Pinus pumila (common names Siberian dwarf pine, dwarf Siberian pine, dwarf stone pine, Japanese stone pine, or creeping pine) is a native of northeastern Asia, including the islands of Japan. It shares the common name creeping pine with several other plants.
|Subgenus:||P. subg. Strobus|
|Section:||P. sect. Quinquefoliae|
|Subsection:||P. subsect. Strobus|
This section does not cite any sources. (December 2017) (Learn how and when to remove this template message)
It is a coniferous evergreen shrub ranging from 1–3 m (3–10 ft) in height, exceptionally up to 5 m (16 ft), but may have individual branches that extend farther along the ground in length. In the mountains of northern Japan, it sometimes hybridises with the related Japanese white pine (Pinus parviflora); these hybrids (Pinus × hakkodensis) are larger than P. pumila, reaching 8–10 m (26–33 ft) tall on occasion.
The range covers the Far East, Eastern Siberia, north-east of Mongolia, north-east of China, northern Japan and Korea. Siberian dwarf pine can be found along mountain chains, passing the upper forest border, where it forms uninterrupted hard-to-pass thickets, also it grows in the sea bank of the Okhotsk and the Bering Seas, Tatarsk and Pacific coast (the Kurils).
It grows very slowly and is a perennial plant. It can live up to 300 and even 1000 years.[full citation needed] For example, in harsh conditions of Siberia region there are trees of Siberian dwarf pine, which are 250 years-old and older.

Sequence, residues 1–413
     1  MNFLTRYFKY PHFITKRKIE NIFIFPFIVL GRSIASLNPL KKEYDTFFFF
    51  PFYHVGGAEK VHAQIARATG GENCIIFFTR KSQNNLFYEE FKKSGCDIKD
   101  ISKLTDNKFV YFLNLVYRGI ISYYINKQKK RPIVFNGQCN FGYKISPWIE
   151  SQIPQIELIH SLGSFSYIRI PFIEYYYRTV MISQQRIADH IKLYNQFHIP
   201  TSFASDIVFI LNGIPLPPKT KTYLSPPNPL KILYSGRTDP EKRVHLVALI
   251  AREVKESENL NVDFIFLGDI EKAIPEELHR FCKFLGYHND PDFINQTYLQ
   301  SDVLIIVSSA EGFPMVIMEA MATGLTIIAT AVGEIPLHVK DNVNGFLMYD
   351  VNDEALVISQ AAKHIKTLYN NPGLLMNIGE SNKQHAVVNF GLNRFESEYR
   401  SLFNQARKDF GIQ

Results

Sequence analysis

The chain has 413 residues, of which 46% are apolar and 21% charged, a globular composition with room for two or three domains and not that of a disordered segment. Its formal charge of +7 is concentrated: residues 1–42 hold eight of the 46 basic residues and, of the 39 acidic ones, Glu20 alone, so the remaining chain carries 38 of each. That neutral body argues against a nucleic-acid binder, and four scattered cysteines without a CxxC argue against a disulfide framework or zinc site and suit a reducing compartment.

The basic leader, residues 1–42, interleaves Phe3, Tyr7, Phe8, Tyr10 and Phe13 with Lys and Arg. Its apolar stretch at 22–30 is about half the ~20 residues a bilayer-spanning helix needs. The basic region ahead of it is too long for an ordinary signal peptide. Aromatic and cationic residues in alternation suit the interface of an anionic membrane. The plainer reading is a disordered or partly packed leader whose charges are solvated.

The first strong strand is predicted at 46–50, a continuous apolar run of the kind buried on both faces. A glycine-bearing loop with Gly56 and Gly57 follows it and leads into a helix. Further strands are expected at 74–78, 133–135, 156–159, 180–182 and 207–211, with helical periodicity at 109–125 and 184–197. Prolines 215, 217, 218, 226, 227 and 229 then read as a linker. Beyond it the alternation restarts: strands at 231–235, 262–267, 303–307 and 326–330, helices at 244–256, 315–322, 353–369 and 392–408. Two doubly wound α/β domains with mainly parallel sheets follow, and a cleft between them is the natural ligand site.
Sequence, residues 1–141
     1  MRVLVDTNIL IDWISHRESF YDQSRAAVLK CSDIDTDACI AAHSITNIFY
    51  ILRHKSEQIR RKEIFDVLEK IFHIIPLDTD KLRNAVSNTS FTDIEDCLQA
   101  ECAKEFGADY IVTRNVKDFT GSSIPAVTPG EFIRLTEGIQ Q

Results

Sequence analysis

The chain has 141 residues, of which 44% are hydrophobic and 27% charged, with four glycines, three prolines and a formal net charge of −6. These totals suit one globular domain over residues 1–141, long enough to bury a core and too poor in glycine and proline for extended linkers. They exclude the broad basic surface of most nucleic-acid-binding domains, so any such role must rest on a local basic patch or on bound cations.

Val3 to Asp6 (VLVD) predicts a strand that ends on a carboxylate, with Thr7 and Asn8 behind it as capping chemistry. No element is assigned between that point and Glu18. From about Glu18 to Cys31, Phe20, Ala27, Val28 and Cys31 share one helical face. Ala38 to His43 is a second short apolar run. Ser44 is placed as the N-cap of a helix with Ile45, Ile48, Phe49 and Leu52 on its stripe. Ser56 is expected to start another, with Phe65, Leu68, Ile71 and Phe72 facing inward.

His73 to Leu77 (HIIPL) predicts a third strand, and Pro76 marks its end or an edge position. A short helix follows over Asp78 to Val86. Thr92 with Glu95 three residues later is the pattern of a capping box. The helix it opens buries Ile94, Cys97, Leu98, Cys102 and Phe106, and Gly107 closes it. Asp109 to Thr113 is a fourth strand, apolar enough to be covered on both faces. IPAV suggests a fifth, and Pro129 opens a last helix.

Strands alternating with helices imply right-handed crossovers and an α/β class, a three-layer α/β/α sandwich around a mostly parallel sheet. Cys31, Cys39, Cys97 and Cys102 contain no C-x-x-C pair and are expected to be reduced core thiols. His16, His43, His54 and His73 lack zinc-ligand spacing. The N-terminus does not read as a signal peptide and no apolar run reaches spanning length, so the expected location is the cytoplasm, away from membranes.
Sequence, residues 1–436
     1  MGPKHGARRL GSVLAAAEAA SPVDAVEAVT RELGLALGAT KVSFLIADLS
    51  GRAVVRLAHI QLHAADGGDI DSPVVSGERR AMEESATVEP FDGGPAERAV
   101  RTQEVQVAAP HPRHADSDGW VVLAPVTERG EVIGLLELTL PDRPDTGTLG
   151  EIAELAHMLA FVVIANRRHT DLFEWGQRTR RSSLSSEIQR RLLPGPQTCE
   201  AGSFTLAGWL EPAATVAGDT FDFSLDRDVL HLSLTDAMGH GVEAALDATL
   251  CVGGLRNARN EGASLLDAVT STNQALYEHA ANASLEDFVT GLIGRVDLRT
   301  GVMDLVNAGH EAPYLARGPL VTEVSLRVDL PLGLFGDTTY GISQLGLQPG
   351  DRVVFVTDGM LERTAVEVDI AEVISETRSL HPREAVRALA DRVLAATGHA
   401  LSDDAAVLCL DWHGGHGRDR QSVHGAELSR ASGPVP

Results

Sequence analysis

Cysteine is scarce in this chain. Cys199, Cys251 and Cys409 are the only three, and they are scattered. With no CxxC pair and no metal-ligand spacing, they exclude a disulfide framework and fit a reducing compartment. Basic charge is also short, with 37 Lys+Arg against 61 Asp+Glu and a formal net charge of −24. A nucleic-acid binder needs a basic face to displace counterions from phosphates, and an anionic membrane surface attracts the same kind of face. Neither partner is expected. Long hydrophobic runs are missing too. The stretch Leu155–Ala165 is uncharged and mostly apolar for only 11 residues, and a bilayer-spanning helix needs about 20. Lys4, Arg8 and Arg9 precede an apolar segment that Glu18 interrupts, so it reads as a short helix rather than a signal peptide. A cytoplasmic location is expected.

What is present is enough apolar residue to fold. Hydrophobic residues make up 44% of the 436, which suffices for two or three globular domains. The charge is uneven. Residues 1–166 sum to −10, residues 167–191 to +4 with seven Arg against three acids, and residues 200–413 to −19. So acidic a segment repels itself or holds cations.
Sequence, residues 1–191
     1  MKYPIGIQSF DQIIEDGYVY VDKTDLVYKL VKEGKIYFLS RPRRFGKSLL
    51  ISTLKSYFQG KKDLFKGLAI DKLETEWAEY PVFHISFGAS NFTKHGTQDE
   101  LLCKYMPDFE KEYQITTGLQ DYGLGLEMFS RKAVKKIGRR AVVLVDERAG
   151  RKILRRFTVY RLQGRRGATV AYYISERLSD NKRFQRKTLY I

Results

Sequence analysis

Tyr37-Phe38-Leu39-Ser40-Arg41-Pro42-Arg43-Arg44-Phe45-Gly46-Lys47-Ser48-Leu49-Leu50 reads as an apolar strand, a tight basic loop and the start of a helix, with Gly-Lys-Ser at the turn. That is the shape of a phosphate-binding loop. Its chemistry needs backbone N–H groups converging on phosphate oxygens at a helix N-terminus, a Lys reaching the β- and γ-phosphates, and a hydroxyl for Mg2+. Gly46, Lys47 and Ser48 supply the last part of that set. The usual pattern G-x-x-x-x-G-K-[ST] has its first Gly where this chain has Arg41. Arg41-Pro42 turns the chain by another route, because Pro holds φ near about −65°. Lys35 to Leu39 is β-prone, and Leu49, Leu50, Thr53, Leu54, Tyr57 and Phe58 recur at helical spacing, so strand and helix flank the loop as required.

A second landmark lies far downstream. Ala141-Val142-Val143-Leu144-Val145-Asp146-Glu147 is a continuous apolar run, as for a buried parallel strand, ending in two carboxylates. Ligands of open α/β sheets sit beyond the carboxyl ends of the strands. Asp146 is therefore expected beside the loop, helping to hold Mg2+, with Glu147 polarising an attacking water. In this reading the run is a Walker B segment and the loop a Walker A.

The seeds are harvested and dispersed by the spotted nutcracker (Nucifraga caryocatactes).
- Farjon, A. (2013). "Pinus pumila". The IUCN Red List of Threatened Species. 2013: e.T42405A2977712. doi:10.2305/IUCN.UK.2013-1.RLTS.T42405A2977712.en.
- "Pinus pumila". World Checklist of Selected Plant Families (WCSP). Royal Botanic Gardens, Kew. Retrieved 29 December 2017.
- "Pinus pumila". Germplasm Resources Information Network (GRIN). Agricultural Research Service (ARS), United States Department of Agriculture (USDA). Retrieved 18 December 2017.
- Fukui, K.; Sone, T.; Yamagata, K.; Otsuki, Y.; Sawada, Y.; Vetrova, V.; Vyatkina, M. (2008). "Relationships between permafrost distribution and surface organic layers near Esso, central Kamchatka, Russian Far East". Permafrost and Periglacial Processes. 19 (1): 85–92. doi:10.1002/ppp.606.
- Koropachinsky, Vstovskaya, 2002
- "RHS Plant Selector - Pinus pumila 'Glauca'". Retrieved 27 May 2013.
- Conifers Around the World: Pinus pumila - Hai-Matsu.
- Media related to Pinus pumila at Wikimedia Commons
- Data related to Pinus pumila at Wikispecies